Anyway Prem got us back to Delhi and all was good. We decided to have dinner in Old Delhi that night as Jack had read about a decent restaurant so we made our way over there and never actually ate in the famed restaurant. We were walking through the back streets of Old Delhi where there was no street lights and only a handful of people when the sounds of call to prayer started in the streets, lost, out of our comfort and signal zone and extremely hungry the sound was enough to send us searching for a Tuk Tuk to drive us back to the safe bustling cow ridden streets of Paharganj. Once there we ate in a local restaurant where we were given the choice of Meat or Vegetable, none of us felt brave enough to try the mystery meat so we all ended up with Vegetable curry and a prison style silver cup of water. The reason this noteworthy is because for all for of us this meal came to 3.30, absolute bargain. I wish I could point you all (Alex, Grant Jack or one of the five others reading this) in the direction of the restaurant but it was a very non descript place and the name was in Arabic sooo sorry about that.

The next day we were making our way to Goa for the first half of our beach holiday.

Our trip in Goa consisted of two parts a stay in the North of Goa and a trip for a few days in the South of Goa. There are a couple of highlights to the trip in North Goa one was a horrible Englishman abroad and one was a greedy Indian man. See a balance of horribleness. I’ll cover the greedy Indian man first, he was the owner of our Hotel in Goa. When we checked in he slowly counted our money about 4 times, that is no exaggeration, and we had to sit in reception and watch him. Once he was finally satisfied that we had paid the right amount he took us to our rooms, not before asking for our passports “to put in his safe” which was actually the seat of his moped. Anyway he showed us to our room, we walked in and he told us this two person room was for all of us and so some of us would have to stay on the floor on mattresses, we refused and showed him our booking which confirmed we had booked two rooms. The greedy landlord then knocked on our new neighbours door and told them that we were staying in their room, this time they refused, this lead to the man to take us to an empty room and let us stay in there, to this day I have no idea why he didn’t just give us that room straight away. The problems didn’t end there, Grant had bought WiFi with his room and complained when his dongle didn’t work so the greedy landlord came up and tried to connect his phone to Noones surprise this didn’t work. The owner opened a window and ordered Grant to “try now” Again this did not work. The problems with this accommodation continued when we struggled to get our passports back, eventually, after a day of them being his moped seat he returned them. On check out the man said to us “Good Review eh?” Needless to say we did not give him a good review.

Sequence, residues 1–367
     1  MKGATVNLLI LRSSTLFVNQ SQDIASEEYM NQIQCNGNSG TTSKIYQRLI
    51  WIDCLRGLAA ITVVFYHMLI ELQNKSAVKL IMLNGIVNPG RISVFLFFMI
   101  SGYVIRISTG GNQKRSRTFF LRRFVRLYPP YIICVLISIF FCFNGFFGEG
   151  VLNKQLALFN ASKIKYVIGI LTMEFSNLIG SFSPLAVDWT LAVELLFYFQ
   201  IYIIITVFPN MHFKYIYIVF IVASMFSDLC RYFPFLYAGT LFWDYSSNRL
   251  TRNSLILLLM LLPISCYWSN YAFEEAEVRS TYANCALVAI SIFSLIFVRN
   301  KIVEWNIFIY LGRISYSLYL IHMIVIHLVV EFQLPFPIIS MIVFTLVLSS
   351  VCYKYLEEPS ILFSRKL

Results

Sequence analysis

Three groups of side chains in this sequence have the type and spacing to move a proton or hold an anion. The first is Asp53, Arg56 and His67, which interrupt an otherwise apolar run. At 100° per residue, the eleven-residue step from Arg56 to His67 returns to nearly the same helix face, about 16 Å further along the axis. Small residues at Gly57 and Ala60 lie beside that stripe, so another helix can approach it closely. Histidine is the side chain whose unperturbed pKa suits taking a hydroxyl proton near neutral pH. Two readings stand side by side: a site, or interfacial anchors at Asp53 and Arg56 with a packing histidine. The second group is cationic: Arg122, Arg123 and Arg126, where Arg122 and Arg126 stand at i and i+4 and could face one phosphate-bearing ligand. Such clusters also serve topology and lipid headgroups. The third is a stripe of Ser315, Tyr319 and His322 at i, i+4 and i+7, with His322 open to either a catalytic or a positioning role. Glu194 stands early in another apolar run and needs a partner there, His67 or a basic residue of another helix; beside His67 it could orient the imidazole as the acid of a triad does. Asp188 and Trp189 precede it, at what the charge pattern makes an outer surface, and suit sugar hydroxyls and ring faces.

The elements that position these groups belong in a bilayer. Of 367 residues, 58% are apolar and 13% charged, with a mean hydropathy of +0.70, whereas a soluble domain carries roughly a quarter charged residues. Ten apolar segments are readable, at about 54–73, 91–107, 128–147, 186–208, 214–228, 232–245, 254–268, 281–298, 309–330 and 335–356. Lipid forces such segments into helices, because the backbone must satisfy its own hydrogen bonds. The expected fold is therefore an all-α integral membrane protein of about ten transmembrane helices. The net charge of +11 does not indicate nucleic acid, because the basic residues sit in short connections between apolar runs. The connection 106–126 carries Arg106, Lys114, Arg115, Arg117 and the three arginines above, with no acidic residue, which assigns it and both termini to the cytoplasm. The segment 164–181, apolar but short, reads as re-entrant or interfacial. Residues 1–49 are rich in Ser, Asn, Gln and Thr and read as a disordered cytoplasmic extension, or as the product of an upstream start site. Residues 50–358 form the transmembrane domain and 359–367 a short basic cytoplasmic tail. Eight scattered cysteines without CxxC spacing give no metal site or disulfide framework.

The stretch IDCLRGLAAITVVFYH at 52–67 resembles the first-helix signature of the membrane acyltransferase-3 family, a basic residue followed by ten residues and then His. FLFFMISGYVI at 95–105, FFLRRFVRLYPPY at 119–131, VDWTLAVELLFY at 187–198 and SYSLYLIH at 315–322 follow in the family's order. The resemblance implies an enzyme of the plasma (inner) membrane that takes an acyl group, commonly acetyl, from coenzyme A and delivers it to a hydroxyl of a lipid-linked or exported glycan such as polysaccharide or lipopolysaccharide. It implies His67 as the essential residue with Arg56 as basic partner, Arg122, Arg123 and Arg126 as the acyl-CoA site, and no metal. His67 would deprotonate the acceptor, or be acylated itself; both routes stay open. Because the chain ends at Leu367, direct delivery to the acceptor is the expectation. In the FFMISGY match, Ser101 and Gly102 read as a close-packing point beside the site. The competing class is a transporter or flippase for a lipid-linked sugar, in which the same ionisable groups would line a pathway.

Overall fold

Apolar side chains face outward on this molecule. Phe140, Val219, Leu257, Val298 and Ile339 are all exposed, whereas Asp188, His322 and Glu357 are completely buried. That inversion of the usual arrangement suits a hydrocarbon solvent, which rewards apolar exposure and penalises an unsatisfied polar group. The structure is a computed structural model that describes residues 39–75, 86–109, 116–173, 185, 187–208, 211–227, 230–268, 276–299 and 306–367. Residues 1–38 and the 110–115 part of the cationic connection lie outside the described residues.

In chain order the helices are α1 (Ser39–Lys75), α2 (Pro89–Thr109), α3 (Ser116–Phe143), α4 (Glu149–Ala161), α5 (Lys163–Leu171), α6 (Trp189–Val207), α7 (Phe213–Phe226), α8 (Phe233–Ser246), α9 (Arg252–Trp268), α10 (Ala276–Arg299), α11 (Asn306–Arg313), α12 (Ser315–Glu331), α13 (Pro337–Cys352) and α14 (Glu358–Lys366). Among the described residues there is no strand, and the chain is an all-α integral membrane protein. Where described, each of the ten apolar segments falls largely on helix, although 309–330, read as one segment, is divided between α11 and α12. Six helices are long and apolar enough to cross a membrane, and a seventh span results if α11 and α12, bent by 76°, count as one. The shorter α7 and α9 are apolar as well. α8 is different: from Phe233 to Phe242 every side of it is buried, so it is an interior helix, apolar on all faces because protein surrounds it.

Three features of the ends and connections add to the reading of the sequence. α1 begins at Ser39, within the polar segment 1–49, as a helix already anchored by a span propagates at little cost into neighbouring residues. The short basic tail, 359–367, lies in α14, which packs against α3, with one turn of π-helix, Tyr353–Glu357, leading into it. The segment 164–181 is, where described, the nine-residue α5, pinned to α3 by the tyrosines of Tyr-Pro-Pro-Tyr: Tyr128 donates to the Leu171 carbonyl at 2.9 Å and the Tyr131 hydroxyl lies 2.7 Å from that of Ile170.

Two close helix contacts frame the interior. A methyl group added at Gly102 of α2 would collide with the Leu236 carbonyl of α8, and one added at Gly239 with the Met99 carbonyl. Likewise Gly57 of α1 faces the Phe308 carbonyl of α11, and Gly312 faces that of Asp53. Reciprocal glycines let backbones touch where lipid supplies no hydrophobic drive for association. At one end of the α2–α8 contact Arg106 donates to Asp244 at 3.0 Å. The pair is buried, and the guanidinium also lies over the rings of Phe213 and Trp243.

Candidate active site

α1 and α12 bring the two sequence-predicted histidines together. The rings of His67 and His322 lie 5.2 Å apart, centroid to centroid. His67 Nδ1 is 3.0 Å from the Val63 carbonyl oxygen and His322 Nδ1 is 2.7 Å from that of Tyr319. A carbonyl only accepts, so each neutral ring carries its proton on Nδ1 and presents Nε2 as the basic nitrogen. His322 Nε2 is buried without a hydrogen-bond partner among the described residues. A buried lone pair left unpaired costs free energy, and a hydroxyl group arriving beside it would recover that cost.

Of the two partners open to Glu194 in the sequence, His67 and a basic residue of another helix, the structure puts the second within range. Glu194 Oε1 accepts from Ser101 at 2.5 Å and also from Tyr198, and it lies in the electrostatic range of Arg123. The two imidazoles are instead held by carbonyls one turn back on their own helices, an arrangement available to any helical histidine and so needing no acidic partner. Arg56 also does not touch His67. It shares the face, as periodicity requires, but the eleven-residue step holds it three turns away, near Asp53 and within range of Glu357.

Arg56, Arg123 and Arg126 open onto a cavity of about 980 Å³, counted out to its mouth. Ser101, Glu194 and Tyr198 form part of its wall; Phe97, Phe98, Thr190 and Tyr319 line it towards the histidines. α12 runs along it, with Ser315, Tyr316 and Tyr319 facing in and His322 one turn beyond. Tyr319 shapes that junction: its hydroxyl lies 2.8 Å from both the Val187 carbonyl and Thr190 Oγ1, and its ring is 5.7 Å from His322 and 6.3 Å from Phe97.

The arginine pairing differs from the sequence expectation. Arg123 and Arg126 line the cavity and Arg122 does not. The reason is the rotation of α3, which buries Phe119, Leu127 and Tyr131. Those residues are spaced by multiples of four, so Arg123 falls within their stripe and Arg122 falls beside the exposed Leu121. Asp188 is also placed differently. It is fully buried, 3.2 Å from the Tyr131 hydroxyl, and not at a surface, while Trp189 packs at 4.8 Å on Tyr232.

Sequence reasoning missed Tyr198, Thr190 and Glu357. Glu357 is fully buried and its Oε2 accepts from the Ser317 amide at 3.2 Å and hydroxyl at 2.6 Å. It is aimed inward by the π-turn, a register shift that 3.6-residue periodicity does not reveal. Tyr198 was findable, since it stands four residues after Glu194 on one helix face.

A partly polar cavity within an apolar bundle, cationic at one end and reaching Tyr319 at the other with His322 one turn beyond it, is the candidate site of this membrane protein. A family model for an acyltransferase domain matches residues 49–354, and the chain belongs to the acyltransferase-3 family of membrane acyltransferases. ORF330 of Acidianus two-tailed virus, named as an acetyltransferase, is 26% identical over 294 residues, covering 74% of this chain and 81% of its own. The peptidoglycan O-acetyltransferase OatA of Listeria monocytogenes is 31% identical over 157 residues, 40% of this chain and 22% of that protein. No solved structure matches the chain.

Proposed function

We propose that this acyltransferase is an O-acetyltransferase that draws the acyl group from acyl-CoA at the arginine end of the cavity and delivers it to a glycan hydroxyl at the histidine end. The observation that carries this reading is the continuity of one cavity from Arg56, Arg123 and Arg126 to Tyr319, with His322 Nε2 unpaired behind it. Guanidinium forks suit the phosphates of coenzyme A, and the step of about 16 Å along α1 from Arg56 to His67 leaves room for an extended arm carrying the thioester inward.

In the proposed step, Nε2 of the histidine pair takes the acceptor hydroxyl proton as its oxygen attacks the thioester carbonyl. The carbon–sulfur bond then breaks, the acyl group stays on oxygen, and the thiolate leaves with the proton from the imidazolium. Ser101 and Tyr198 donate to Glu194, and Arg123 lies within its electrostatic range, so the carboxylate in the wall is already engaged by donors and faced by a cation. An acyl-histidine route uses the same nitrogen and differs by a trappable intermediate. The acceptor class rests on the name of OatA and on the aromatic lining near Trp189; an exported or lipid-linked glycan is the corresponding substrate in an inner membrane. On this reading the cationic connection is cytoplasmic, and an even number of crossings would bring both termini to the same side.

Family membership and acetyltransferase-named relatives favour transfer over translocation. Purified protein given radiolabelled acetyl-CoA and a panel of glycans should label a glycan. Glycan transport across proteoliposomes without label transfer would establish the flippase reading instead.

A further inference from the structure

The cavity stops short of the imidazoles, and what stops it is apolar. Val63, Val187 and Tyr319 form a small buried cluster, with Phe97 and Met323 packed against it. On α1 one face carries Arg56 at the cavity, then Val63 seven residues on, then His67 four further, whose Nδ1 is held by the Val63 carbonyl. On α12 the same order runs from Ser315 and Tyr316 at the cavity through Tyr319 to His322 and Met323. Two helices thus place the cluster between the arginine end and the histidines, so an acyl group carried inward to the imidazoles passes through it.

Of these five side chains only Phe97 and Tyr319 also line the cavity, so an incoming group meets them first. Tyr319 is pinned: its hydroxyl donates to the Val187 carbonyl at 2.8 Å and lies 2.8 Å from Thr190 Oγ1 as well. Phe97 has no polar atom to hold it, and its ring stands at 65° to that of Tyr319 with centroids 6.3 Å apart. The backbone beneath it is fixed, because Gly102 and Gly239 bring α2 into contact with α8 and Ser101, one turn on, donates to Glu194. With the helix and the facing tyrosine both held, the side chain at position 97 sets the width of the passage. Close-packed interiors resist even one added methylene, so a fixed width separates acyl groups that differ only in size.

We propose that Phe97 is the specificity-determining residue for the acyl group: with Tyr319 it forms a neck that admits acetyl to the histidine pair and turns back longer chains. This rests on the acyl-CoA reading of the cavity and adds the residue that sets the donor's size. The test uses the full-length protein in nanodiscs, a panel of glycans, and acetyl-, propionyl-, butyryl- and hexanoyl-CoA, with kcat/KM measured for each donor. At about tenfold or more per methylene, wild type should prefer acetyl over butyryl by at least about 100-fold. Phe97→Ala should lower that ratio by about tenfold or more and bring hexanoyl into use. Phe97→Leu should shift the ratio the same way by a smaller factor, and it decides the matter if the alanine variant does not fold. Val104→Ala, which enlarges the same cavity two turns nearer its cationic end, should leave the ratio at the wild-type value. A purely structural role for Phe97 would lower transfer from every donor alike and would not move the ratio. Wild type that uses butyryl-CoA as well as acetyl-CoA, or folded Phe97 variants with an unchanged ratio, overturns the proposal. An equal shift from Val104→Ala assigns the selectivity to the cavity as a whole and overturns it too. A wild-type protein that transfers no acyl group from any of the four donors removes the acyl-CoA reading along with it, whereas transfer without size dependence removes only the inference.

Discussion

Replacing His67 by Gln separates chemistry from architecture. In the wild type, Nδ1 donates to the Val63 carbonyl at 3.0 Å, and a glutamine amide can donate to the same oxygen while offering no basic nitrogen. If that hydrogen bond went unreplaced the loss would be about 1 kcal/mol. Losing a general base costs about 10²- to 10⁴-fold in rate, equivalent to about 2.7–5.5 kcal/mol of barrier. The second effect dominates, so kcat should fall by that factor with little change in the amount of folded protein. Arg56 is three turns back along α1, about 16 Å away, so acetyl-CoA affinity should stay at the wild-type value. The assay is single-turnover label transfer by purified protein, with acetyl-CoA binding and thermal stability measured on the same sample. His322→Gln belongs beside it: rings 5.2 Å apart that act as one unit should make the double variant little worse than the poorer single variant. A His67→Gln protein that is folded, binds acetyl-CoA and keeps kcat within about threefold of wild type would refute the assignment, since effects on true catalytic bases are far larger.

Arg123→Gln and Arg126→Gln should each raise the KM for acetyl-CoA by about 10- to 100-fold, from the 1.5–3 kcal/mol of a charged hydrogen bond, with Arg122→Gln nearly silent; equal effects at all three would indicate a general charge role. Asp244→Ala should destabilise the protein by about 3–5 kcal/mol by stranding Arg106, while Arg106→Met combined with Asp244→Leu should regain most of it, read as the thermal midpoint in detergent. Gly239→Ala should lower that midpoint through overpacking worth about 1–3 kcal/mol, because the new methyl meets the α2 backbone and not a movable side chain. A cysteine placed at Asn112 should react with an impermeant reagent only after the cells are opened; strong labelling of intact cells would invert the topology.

Would you leave this smiley man a good review?

The second story of The northern part of our trip is a quick shout out to the most obnoxious English man abroad. When wanting another drink at 1pm in the morning he just held out his empty bottle, in an outstretched hand, without breaking conversation with his mates the waiter came and got the drink, he kept his hand outstretched and waited for the waiter to put a drink back in his hand. The man did not say please or thank you once…..horrrible.

Finally one thing I remembered as I wrote this and it was a personal highlight…..we found a night club that served Garlic naans at 4am in the morning. Loved it.

Anyway I’ll finish off India another time as this one is getting longer and longer and I swore to myself I would shorten them.

Florence – The Review

So this one is more of a destination review, more so than a specific recount of events although there will be a smattering of my personal highlights and a couple of anecdotes 🙂

I’ve been to Florence twice for two different types of holidays and since the trips I’ve done loads of reading on the city, it’s so interesting. I mentioned in my first post that I’m surprised we don’t learn more about the city in history classes considering how important it has been over the years especially in the Middle ages.

The question “what is your favourite holiday” is a really tough question so when I ask my self I break it down to multiple questions….favourite beach holiday, favourite activity holiday and stuff like that and Florence is my favourite city holiday.

Florence is a fairly big city in Tuscany, it neighbours Siena and Pisa, home to Fiorentina and the old part of the city is home to some of the most iconic buildings in Italy along with some iconic and stars he events….I think I’ll describe some of the buildings/Places and some of the events, things to do then let you know some of my personal experiences of the City.

Santa Maria Del Fiore cathedral

This building is arguably the most famous and most recognisable building in the medieval city of Florence. The Florence Catherdral nicknamed “Il Duomo” due its huge dome, is situated in the centre of the town with all the big roads seemingly leading to it. If you ignore the hundreds of tourists and gimmicky shops and just take in the building itself, it’s so impressive. This blog is supposed to be about fun trips and not about architecture plus I’ve linked the Wikipedia page if you want to know the rich history that goes on with this building. It is one of the reasons I love the city as I’ve. It been anywhere else where one building stands out so much in the city skyline, Florence has an abundance of mad buildings all entrenched in history but none quite so fun to look at as Santa Maria Del Fiore.

Here is a picture of The Florence Cathedral that I took on my most recent visit. The picture is taken from Piazzale Michelangelo which I’ll go on to below

Boboli Gardens